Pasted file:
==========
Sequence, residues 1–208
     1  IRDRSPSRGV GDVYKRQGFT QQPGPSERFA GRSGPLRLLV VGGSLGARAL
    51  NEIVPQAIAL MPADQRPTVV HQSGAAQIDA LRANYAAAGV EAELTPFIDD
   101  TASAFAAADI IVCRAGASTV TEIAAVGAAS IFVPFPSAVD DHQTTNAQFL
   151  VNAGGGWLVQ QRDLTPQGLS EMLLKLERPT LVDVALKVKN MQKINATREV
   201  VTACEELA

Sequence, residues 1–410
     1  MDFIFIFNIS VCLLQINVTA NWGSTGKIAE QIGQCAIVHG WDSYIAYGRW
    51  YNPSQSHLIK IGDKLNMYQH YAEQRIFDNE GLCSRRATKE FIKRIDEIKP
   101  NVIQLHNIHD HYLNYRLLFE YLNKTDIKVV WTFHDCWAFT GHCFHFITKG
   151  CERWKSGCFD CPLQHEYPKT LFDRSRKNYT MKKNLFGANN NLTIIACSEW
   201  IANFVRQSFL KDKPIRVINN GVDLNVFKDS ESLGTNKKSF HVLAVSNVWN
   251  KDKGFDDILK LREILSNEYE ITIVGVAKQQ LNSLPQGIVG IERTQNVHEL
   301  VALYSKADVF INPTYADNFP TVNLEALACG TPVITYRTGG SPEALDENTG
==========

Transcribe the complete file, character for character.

Sequence, residues 1–208
     1  IRDRSPSRGV GDVYKRQGFT QQPGPSERFA GRSGPLRLLV VGGSLGARAL
    51  NEIVPQAIAL MPADQRPTVV HQSGAAQIDA LRANYAAAGV EAELTPFIDD
   101  TASAFAAADI IVCRAGASTV TEIAAVGAAS IFVPFPSAVD DHQTTNAQFL
   151  VNAGGGWLVQ QRDLTPQGLS EMLLKLERPT LVDVALKVKN MQKINATREV
   201  VTACEELA

Sequence, residues 1–410
     1  MDFIFIFNIS VCLLQINVTA NWGSTGKIAE QIGQCAIVHG WDSYIAYGRW
    51  YNPSQSHLIK IGDKLNMYQH YAEQRIFDNE GLCSRRATKE FIKRIDEIKP
   101  NVIQLHNIHD HYLNYRLLFE YLNKTDIKVV WTFHDCWAFT GHCFHFITKG
   151  CERWKSGCFD CPLQHEYPKT LFDRSRKNYT MKKNLFGANN NLTIIACSEW
   201  IANFVRQSFL KDKPIRVINN GVDLNVFKDS ESLGTNKKSF HVLAVSNVWN
   251  KDKGFDDILK LREILSNEYE ITIVGVAKQQ LNSLPQGIVG IERTQNVHEL
   301  VALYSKADVF INPTYADNFP TVNLEALACG TPVITYRTGG SPEALDENTG